SAN JOSE, Calif. -- Fab-tool, sub-systems supplier MKS Instruments Inc. (Andover, Mass.) has cut its global workforce by 10 percent and implemented other cost-cutting measures.
MKS also lowered its fourth quarter 2008 sales and earnings guidance. The company now expects sales of $118-to-$122 million, versus previous guidance of $130- to-$140 million, ''as demand for semiconductor capital equipment continues to decline.''
MKS now expects a GAAP net loss per basic share of $0.23-to-$0.20, versus net income per diluted share of $0.01 to $0.09. The expected loss includes special charges of approximately $10 million, or $0.17 per share, related to the impairment of intangible assets, and excess and obsolete inventory that were not anticipated in previous guidance.
"During the third and fourth quarter, we implemented a 10 percent global workforce reduction and reduced our operating expenses, including reductions in discretionary spending, salary reductions for executive officers, and reduced fees for board members,'' said
Leo Berlinghieri, chief executive and president, in a statement.
"In these uncertain and challenging times, we will continue to take actions that have an immediate effect on reducing costs, such as taking mandatory time off, curtailing non-critical spending and temporarily reducing other costs,'' he said.
''Excluding these temporary cost reductions, our goal is to reduce our quarterly spending by $5 million exiting the second quarter of 2009. We plan to take a series of actions during the first and second quarters of 2009, which are expected to lower our non-GAAP operating breakeven level to approximately $123 million and our operating cash breakeven to approximately $108 million,'' he added.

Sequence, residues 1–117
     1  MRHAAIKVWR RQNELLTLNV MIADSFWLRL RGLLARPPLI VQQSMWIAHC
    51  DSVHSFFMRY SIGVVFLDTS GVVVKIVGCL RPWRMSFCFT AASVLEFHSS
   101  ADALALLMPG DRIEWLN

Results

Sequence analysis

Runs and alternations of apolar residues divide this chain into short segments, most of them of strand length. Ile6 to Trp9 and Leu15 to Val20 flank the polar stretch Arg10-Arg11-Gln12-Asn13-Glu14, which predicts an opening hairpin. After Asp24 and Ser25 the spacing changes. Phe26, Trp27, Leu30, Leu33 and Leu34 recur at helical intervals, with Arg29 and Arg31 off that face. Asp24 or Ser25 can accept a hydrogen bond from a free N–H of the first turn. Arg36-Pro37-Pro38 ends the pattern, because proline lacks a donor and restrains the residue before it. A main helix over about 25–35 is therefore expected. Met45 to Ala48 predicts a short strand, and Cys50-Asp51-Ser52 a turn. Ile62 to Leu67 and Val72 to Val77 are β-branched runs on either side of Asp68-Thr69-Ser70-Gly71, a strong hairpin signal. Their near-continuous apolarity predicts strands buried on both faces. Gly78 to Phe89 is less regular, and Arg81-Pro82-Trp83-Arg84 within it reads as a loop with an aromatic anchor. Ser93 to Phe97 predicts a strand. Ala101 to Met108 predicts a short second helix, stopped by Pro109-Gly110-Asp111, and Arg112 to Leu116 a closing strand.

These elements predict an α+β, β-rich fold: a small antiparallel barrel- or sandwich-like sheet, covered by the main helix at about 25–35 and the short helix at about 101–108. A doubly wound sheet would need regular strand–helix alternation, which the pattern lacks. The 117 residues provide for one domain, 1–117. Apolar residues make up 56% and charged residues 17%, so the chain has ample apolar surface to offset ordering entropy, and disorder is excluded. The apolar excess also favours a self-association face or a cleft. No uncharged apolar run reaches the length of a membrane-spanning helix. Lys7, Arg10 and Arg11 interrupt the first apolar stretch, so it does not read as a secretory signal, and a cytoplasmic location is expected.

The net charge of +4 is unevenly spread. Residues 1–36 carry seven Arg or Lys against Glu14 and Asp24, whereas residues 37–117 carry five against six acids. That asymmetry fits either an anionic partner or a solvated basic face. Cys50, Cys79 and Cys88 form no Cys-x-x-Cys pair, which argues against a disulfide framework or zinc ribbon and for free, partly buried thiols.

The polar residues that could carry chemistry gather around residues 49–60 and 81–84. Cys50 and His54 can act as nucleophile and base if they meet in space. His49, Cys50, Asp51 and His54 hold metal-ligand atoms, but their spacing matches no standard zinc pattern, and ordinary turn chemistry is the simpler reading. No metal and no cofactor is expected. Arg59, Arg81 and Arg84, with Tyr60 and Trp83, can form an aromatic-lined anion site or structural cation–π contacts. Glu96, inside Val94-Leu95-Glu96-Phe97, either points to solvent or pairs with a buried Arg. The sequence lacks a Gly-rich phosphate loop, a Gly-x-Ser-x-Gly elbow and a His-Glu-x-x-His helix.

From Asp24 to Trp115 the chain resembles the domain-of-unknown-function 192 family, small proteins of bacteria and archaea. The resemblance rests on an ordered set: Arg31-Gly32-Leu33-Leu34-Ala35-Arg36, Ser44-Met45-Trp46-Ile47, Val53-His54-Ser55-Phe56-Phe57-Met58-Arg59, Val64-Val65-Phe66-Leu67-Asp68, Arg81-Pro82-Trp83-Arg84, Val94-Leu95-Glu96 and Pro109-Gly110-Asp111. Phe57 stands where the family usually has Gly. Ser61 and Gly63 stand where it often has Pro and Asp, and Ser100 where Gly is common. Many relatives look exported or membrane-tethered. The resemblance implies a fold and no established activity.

It's a bad time in the market. Semiconductor equipment spending is projected to decline 30.6 percent in 2008 and another 31.7 percent in 2009, according to a revised forecast issued by market research firm Gartner Inc.
The market for semiconductor capital equipment will decline by nearly 28 percent in 2008 and another 21 percent in 2009, according to a year-end forecast released by the SEMI trade group.
Following a 24 percent decline in 2008, revenue from IC equipment sales is expected to drop an additional 25 percent in 2009, according to VLSI Research Inc. VLSI had previously predicted a decline of 12 percent in 2009.
Indeed, times are bad in the sector, which faces another downturn. Capital spending has grinded to a halt. Applied, Axcelis, Cognex, Entegris, FSI, Intevac, KLA-Tencor, Lam, Mattson, Micronic, SemiTool, Tegal and other fab-tool makers have recently announced layoffs.